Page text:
I just finished 30 years working for a municipality (Calgary) with about 12,000 desktops.
We were mixed DOS/Mac at first and when the IT department finally admitted that they were not toys, and that their beloved mainframe was dying at last, they took over PC IT from the departments, and immediately insisted on getting rid of Macs because of "one environment".
It was always about "support costs" and "total cost of ownership", a number they never actually had to calculate. They also never had to prove it was cheaper to do everything their way - but as a gross measure, our costs never went down. Not even on a per-PC basis.
We always had Unix, from when you had to have a workstation to run drafting software. Because IT clung to the mainframe to the bitter end, it was the engineering department Unix server room that took over running servers (this was happening around 1996, with the 1997 handover of Hong Kong to China imminent, when the joke was "will it actually be Hong Kong that takes over China" was big - in our shop, it really was a bunch of drafting-support staff that took over the server room!) We also ran all the E-mail servers on Solaris because 'e-mail' was "an Internet thing" and all corporate E-mail until then had been IBM PROFS. Finally a few Windows servers were allowed to provide Outlook, but only after Windows 2000 Server got decent. Everything else is still Unix.
Unix support staff were NOT hard to find for a large server room. Windows server staff that could support a LARGE installation were rarer! MS courses turn out lots of guys that can run a dentist's office but very few that can run a city.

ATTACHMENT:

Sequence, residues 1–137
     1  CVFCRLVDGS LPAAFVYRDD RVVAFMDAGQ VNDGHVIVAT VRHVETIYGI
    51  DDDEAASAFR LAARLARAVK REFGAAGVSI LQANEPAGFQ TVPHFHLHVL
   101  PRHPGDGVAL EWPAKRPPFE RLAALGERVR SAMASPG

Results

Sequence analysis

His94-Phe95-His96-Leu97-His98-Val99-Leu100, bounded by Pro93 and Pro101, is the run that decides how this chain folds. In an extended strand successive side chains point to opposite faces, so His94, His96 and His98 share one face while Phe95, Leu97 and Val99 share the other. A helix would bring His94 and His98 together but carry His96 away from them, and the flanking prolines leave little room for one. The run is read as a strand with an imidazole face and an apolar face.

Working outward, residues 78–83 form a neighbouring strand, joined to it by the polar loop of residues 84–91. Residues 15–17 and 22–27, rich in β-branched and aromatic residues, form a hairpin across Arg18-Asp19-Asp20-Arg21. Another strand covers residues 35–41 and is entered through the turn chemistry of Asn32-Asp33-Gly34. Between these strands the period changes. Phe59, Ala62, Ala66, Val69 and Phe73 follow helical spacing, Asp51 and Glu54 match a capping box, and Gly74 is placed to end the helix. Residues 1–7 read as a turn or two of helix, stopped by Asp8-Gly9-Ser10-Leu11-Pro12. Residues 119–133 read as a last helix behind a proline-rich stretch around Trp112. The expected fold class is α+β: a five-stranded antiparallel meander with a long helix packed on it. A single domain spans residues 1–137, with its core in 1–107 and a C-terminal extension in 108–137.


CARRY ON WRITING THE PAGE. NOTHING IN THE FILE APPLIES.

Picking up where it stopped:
After all support went to IT...there was no actual support, except re-installs. They re-install the software, they re-install your whole machine, but they. will. NOT. come to your machine and help you with your difficult spreadsheet. None of the alleged "support" staff understand any of our software except for basic MS-Office apps they themselves have to use (and, as mentioned, the won't come help with that, either). But for any special office software of the type that the article speaks of, departments have to drum up their own local "power users" for support, who by the way are discouraged from it by IT and certainly given no passwords or special access.
And for that matter, what does the client even matter to IT? They hate clients. All business software that can possibly be moved to web apps for easier admin, has been. It would run on Android just as well.
So I just don't see what the big deal is. Here's an experiment: Offer, gasp TWO alternatives with internal costs that match the actual support costs of each choice, then let your customers choose which desktop they want.